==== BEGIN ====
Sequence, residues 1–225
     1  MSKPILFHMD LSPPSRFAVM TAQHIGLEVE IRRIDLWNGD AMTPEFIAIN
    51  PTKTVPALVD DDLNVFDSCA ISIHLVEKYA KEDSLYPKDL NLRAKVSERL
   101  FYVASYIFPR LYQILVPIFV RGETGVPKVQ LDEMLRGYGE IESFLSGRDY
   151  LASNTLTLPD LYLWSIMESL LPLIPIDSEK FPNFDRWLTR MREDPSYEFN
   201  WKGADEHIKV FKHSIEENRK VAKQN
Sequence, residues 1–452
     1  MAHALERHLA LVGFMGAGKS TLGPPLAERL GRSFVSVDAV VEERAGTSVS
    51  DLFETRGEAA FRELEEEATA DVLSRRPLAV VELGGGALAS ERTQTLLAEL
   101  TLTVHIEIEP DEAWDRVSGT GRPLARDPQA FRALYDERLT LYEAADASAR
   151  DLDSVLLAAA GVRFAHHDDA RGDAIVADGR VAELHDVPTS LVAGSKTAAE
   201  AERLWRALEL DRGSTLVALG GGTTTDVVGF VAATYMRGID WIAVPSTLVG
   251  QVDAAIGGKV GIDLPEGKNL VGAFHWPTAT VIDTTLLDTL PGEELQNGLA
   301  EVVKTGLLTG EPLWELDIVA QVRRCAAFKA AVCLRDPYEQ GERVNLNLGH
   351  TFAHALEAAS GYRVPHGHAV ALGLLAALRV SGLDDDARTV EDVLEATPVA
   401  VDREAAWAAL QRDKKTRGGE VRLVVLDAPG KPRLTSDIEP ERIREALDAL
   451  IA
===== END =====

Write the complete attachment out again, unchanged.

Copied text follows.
Sequence, residues 1–225
     1  MSKPILFHMD LSPPSRFAVM TAQHIGLEVE IRRIDLWNGD AMTPEFIAIN
    51  PTKTVPALVD DDLNVFDSCA ISIHLVEKYA KEDSLYPKDL NLRAKVSERL
   101  FYVASYIFPR LYQILVPIFV RGETGVPKVQ LDEMLRGYGE IESFLSGRDY
   151  LASNTLTLPD LYLWSIMESL LPLIPIDSEK FPNFDRWLTR MREDPSYEFN
   201  WKGADEHIKV FKHSIEENRK VAKQN
Sequence, residues 1–452
     1  MAHALERHLA LVGFMGAGKS TLGPPLAERL GRSFVSVDAV VEERAGTSVS
    51  DLFETRGEAA FRELEEEATA DVLSRRPLAV VELGGGALAS ERTQTLLAEL
   101  TLTVHIEIEP DEAWDRVSGT GRPLARDPQA FRALYDERLT LYEAADASAR
   151  DLDSVLLAAA GVRFAHHDDA RGDAIVADGR VAELHDVPTS LVAGSKTAAE
   201  AERLWRALEL DRGSTLVALG GGTTTDVVGF VAATYMRGID WIAVPSTLVG
   251  QVDAAIGGKV GIDLPEGKNL VGAFHWPTAT VIDTTLLDTL PGEELQNGLA
   301  EVVKTGLLTG EPLWELDIVA QVRRCAAFKA AVCLRDPYEQ GERVNLNLGH
   351  TFAHALEAAS GYRVPHGHAV ALGLLAALRV SGLDDDARTV EDVLEATPVA
   401  VDREAAWAAL QRDKKTRGGE VRLVVLDAPG KPRLTSDIEP ERIREALDAL
   451  IA